The aim of this update is to talk about what we can expect from our turf during this transition. The grass plant has been sitting with its roots in water for the last 3 1/2 months and the humidity levels in the atmosphere have been high, so water loss and controlling it hasn’t been an issue. Coupled to this, we know cultural work in the form of surface aeration and topdressing has been nigh on impossible to keep up with since early April, so it is very likely that surface fibre levels are higher and that fibre is more compacted as there is less dressing ameliorated through it. Surface fibre heats up much quicker than rootzone, so that’s another contributing factor to accelerated surface drying.

My first point is that surfaces (particularly greens) will dry out much faster than expected because the plant has got used to having high moisture levels in the tissue, looking down at grass swards, there’s a lot of puffy, thick leaves around, purely for this reason. Rooting may also be shallower as a consequence of the high soil moisture levels, though my feedback is mixed on this front.

Wetting agent applications for many have been skipped and whilst this may represent a good saving, it will show up very quickly next week because one of the features of good, modern-day wetters is their ability to move and distribute water from the surface through the profile, so whilst water hasn’t been a limiting factor of late, it will be soon be, particularly in the surface. I’d be scheduling one in pretty promptly and combining it with a biostimulant to keep the plant healthy.

So what can we do to help the grass plant during this transition from feast to famine ? Firstly, I’d be keeping nutrition on the conservative side, not deficient, but certainly I wouldn’t be applying a hit of N from a granular fertiliser as this will just create a flush of growth, which will require more water to support it. Talking about flushes, it’s very likely that outfield areas will flush unfortunately until moisture becomes a limiting factor on growth (if it gets that far that is)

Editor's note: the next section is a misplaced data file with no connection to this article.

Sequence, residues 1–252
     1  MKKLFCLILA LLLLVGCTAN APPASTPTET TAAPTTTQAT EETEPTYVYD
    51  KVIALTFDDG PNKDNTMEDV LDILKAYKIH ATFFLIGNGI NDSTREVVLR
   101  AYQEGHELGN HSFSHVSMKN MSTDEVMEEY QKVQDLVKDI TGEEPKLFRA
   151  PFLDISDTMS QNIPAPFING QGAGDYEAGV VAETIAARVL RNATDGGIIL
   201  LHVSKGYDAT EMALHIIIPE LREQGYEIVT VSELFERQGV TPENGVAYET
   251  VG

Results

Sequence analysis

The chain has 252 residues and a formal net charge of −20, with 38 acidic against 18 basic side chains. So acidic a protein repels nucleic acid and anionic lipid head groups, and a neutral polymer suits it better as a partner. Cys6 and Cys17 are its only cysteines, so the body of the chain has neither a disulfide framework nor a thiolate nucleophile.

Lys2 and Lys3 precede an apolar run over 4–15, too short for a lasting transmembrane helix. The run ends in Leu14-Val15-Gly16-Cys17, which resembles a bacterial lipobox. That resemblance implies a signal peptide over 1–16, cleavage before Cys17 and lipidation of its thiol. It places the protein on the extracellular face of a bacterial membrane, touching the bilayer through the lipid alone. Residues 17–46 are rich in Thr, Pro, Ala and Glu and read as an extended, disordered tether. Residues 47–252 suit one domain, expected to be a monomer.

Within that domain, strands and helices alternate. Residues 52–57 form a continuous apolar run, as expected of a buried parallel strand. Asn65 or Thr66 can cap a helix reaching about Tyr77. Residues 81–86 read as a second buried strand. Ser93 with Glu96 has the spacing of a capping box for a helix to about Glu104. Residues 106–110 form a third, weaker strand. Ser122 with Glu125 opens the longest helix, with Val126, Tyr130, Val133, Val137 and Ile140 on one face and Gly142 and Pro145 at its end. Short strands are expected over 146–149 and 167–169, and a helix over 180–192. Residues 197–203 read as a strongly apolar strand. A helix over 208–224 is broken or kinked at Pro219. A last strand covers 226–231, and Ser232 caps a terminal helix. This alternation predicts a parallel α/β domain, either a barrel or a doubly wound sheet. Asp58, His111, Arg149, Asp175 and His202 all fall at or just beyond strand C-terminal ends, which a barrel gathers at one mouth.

Secondly, and of course this is budget dependent, I’d be applying a PGR to hold back growth and thereby reduce moisture loss, particularly on greens and tees. On the former, I’d also suggest doing a boom width around the green so the collars and surrounds are included because collars particularly are looking a bit puffy. It may also be a good idea to include them in your autumn aeration program if it’s feasible.

Black Algae

There’s quite a bit of Black Algae about on greens, particularly on the clean-up strip and in shaded areas where light is limited. When the grass sward thins out, light reaches the rootzone surface and with moisture and humidity, algae and moss can thrive. So the best way to deal with this is to change the environmental conditions. (ok that may be difficult in shade) i.e dry the areas out. So I’d suggest some localised hollow tining and work a 50/50 mix of sand / soil amendment into the surface. In addition, miss the clean up cut if practical and make sure the fertiliser regime is high enough to encourage the grass to out-compete the algae and moss.

Disease-wise, we’re just entering the Anthracnose period, but I wouldn’t expect much Anthracnose Foliar Blight around up until now as stress has been confined to the course manager / greenkeeper, rather than the grass plant !!!!. That said, this may change if the dry, warm weather lasts. I’d expect pressure from Fusarium and Red Thread to decrease as surfaces dry out, although it may rise initially with the heat.

Take-All may rear its ugly head because the spell of cool, wet weather has been ideal for it’s activity, damaging the root system of bentgrass, but it’s only when that plant needs to take up water that you start to see the symptoms. Ordinarily this would be mid-June when we get one of those warm, windy periods with high E.T loss, but that didn’t happen this year…it may now..

On the subject of Bentgrass, this has been looking a bit sorry for itself lately with the low temperatures, high surface moisture and lack of sunlight, with a good deal of bronzing, bruising evident. I expect this to change with the advent of warmer, drier conditions.

Lastly, I ask you to enjoy this weather and hopefully watch the golf course dry out in front of your eyes and take a chill pill from the complaints about the rough, bunkers, etc. My blog may be late on Monday because if the forecast holds, I hope I’ll be sleeping on a bank somewhere after fishing for Catfish through the night :)

Mark Hunt

 

July 16th

Hi All,

With another 11mm overnight on Friday, we finished on 30mm for the Friday / Saturday morning period and that again flooded the rivers and fields. Sid Arrowsmith from Frilford reported a 17mm deluge on Saturday evening, just prior to his Euro Pro Tour event starting today, good luck with that Sid !…Most people got a decent drying day on Sunday as temperatures rose into the late teens. I spent Sunday at timeless Wells-next-the-Sea, on Holkham Beach and it was beautiful, the sea was warm and choppy and the day was capped off in French’s Fish & Chip Bar on the front, marvellous :)